Weekly Update, Gold Mountain Redux

Abigail DeVille mounts a beautiful, scary, byzantine installation at Marginal Utility made from lumber salvaged from the burned out Trestle Inn and from other materials scavenged in the Chinatown North neighborhood. Gold Mountain is an homage to the hard-working and badly-treated immigrants who forged this country's Westward moves.

With an American flag at its heart and a jaunty colored brick road on the floor, Abigail DeVille’s Gold Mountain should be upbeat. But the dark, cave-like installation at Marginal Utility is a sorrowful piece, a shrine almost. And the flag and crazy brick road are degraded symbols. Gold Mountain is a hell on earth.

Abigail DeVille, Gold Mountain, at Marginal Utility
Abigail DeVille, Gold Mountain, at Marginal Utility

DeVille’s installation immerses you in dark space where you can imagine scary things happening.  Dim lighting from black lights, red lights, and a small tv makes the space both eerie and fiery. Charred sticks poke out aggressively like cave ribs that might impale you.  On the floor the tv’s static fuzz is like white ashes of a dead fire.  There’s no central focus here. Instead the viewer, like a pilgrim, moves from one spot to another, stopping to contemplate and careful not to lose her footing.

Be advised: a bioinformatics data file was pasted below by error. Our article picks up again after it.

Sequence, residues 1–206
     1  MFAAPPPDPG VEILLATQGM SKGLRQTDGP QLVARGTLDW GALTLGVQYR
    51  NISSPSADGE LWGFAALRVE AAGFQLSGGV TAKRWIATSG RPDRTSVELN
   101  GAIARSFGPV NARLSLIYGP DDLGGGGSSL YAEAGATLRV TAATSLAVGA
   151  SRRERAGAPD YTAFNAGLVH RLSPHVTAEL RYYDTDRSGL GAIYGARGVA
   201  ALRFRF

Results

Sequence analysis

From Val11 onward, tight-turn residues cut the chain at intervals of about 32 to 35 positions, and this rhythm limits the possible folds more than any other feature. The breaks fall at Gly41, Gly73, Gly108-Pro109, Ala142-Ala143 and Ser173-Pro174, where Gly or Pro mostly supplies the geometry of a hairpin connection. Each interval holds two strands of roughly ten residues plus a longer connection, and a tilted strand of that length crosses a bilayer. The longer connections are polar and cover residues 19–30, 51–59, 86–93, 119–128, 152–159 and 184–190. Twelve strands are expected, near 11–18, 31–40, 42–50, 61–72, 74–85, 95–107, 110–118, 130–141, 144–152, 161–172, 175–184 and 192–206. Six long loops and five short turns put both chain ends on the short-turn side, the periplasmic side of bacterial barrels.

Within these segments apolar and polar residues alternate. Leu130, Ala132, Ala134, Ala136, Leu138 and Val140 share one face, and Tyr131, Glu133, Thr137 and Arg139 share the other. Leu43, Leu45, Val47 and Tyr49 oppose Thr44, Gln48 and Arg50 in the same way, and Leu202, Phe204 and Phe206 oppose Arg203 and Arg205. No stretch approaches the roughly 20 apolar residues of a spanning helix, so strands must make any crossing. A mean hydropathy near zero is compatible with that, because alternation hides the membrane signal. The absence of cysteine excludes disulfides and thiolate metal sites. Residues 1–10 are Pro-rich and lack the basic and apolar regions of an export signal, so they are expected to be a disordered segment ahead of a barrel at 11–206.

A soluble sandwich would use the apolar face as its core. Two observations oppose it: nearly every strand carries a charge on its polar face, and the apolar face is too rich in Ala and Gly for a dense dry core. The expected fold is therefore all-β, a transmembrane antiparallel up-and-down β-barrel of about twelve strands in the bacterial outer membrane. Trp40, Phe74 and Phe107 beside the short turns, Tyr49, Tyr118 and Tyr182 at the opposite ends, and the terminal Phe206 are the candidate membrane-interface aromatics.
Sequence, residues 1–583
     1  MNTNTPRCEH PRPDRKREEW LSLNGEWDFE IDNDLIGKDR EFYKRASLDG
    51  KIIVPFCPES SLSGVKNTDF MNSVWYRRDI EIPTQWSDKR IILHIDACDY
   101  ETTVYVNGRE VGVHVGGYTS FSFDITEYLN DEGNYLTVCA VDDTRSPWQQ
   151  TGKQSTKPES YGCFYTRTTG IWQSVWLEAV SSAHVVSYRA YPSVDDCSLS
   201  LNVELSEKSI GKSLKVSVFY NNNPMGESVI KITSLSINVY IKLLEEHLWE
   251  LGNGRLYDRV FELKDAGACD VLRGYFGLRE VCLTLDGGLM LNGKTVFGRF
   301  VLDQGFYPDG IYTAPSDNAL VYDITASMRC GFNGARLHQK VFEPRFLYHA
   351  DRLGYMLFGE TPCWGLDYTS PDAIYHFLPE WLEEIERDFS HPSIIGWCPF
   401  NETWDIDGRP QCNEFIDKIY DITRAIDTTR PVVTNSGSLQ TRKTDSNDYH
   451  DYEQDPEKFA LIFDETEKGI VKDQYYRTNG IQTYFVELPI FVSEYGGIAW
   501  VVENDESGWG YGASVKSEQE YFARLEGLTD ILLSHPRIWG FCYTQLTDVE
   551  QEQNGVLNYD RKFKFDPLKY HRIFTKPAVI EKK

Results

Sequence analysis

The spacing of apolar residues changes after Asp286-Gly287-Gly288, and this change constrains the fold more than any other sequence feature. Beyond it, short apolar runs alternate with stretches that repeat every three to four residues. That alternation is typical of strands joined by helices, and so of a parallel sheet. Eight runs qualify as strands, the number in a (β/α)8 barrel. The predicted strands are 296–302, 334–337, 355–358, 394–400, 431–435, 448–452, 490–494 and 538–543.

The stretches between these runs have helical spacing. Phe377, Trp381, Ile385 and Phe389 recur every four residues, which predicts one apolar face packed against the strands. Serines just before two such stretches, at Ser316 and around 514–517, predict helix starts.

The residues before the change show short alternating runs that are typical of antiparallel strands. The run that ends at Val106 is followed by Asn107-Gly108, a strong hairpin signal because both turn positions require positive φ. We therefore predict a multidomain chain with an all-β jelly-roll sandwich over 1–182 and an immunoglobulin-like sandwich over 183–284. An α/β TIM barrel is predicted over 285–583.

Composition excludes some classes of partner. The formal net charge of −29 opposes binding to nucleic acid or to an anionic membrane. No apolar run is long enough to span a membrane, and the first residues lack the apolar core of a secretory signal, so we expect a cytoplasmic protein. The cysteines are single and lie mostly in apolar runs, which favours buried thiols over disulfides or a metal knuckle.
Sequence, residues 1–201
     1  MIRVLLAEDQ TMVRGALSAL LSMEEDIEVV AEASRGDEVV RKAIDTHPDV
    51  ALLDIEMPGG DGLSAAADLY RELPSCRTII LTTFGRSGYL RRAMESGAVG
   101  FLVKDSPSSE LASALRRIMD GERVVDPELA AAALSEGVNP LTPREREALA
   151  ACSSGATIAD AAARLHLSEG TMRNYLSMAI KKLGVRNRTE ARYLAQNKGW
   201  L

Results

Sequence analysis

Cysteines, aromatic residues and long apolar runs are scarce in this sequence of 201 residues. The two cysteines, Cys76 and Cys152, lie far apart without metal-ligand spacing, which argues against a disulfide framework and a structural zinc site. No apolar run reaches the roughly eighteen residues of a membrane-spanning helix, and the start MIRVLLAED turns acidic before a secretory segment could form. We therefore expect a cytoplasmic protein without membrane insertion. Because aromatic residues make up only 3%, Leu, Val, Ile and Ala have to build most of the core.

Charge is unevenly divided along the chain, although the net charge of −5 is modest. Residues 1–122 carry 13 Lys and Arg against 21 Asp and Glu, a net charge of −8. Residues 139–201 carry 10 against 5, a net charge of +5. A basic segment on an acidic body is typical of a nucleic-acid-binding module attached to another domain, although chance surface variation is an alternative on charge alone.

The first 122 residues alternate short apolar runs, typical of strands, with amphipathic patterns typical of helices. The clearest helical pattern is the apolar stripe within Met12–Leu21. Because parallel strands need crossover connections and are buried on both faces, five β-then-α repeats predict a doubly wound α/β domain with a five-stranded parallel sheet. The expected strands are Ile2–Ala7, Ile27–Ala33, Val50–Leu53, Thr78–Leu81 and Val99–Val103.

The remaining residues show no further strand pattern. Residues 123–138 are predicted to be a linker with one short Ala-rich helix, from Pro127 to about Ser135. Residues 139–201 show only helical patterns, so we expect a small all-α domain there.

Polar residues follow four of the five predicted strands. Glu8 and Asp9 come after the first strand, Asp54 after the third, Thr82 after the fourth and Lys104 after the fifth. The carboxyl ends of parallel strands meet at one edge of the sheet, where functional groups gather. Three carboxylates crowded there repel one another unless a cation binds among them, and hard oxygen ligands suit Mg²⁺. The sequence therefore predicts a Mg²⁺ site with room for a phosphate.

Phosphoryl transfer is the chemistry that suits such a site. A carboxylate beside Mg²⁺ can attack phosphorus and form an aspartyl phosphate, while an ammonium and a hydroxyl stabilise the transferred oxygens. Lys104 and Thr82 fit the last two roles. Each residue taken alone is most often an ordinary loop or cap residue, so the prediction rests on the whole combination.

Gold Mountain's tv fuzz, like ashes of a dead fire
Gold Mountain’s tv fuzz, like ashes of a dead fire

The artist painted a tumbling mass of dead birds and bricks on the dark walls.  It looks like a whirlwind just passed through.  “I use pigeons and crows as stand-ins for people,” DeVille told me.

The artist — who built Gold Mountain on site from material scavenged  in Chinatown (including charred sticks from the nearby incinerated Trestle Inn) — spoke also of a Garcia Lorca poem “The Dawn.”  Lorca’s poem imagines a New York at dawn that is “Dawn of the Dead” dark — everything but the zombies.  The poet envisions columns of mud, a “hurricane of black doves,” “putrescent waters” and “light … buried under chains and noises” —  those words could describe the ambiance of DeVille’s piece.

The title refers to the nickname the Chinese gave to California during the 1848 Gold Rush, when many immigrated here seeking their fortunes. (The term also refers ironically to the Chinatowns that were then springing up in San Francisco and elsewhere.) DeVille, a black artist and Yale MFA student, is a fount of information about the Chinese experience in America.   At the opening she talked about the Chinese Exclusion Act, miscegenation laws and other harsh treatments doled out, peppering what she said with dates and references like she was as much history teacher as artist.

But Gold Mountain’s ire is aimed at all racial discrimination in America.  Discrimination based on race is a part of American history that’s not dealt with four-squarely in history books, although many artists have no fear of the subject.  Writers like James Baldwin and Ralph Ellison and artists like DeVille and, to mention just two others, Kara Walker and Hank Willis Thomas, expose the hidden history in ways that foster the discussion it needs.

Abigail DeVille: Gold Mountain 
Through Sept. 25, 2010. 
Marginal Utility 319A N. 11th St., 2nd floor